Monday, December 20, 2010

City by the Day re-vamped!

It's still me. For the new year (a little bit early) I changed my look, but have no fear all else remains the same. I look forward to sharing more food in the near future.

Lazy Sunday - a vacation breakfast

I decided to try out Thomas Keller's method for poaching eggs because I was feeling very patient.

Only partly serious - it turned out to be straightforward and do-able.

I started by filling a medium-sized saucepan with water and brought it to a boil. Once boiling I added two tablespoons of vinegar, as per Mr. Keller's instructions. I brought the water down to a simmer, prepared an ice bath (oh! the excitement for what that will be used for . . .), cracked an egg into a little cup and was ready to poach.
I swirled the water with a wooden spoon (this appears to be the wooden spoon's only role in the egg-poaching process - I was a good recipe-follower and DID NOT use the metal slotted spoon to stir the water, god knows what would have happened) twice (no more. Once again, who knows the catastrophic results if one were to swirl thrice). With the water swirling I gently slid my egg into the water and let it cook for 1 1/2 minutes (sometimes 2 minutes, as needed). Then I gingerly lifted my little egg out of the water and slid it into an ice bath and left them there until they were ready to serve. My only problem with the ice bath is my eggs were a little cold, I'm sure this could be remedied by taking them out of the ice bath and letting them come back up to room temperature. My final qualm (trust me) with poaching is that I find the eggs sometimes retain secret hidden pockets of water that ooze out just when you think you've dried them completely and can safely break the yolk. All in all the eggs were cooked quite nicely, I will just have to work on the temperature and more complete drying. I'll get there.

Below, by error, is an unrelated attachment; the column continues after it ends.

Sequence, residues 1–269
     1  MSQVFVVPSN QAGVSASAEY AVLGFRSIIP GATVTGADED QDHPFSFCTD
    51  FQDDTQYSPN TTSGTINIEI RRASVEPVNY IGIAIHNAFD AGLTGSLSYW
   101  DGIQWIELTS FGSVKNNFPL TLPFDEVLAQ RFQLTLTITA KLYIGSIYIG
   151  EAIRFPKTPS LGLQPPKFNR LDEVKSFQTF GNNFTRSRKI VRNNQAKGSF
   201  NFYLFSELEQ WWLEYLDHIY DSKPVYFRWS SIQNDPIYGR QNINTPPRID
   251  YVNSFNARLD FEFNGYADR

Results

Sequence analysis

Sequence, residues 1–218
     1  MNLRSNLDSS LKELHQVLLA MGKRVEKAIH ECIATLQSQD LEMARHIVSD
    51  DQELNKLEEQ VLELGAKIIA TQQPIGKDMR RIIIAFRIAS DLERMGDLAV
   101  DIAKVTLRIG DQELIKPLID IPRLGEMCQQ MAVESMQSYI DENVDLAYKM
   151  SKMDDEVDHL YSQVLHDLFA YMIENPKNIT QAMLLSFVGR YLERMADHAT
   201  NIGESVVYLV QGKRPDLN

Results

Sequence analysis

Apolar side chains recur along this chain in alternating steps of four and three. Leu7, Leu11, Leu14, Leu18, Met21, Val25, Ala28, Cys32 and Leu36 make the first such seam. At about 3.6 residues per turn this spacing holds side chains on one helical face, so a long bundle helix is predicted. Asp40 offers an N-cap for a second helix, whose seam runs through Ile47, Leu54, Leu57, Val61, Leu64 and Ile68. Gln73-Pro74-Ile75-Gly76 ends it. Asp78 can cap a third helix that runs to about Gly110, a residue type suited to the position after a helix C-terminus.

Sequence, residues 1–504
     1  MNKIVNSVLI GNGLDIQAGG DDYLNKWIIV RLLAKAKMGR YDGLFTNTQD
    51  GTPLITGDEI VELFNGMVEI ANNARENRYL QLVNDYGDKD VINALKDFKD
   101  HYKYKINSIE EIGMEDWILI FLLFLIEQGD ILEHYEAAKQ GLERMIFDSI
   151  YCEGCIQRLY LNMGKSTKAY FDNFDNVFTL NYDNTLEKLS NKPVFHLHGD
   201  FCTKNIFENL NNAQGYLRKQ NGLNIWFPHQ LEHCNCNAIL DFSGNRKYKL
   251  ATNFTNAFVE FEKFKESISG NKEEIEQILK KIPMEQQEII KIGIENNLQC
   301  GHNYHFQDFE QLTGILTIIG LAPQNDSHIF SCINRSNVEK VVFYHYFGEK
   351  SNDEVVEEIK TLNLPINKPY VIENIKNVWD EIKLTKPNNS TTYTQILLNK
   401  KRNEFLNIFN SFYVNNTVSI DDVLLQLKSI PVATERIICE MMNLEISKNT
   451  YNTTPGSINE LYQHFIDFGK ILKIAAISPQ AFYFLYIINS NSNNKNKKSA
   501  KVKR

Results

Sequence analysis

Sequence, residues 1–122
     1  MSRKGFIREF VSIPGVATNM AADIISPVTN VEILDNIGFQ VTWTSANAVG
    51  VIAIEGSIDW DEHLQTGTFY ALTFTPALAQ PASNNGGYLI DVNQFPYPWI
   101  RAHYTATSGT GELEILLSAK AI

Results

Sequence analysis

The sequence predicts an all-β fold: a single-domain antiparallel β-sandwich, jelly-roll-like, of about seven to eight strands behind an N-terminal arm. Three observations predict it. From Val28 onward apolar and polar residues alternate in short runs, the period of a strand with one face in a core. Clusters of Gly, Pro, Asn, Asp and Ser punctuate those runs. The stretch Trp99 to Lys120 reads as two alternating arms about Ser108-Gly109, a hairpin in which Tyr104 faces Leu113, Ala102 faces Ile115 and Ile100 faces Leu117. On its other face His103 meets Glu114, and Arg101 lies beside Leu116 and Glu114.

I served 'em up with some crispy bacon and arugula tossed with olive oil and sea salt.

Tuesday, December 14, 2010

Salmon with Oven-Roasted Tomatoes and Israeli Couscous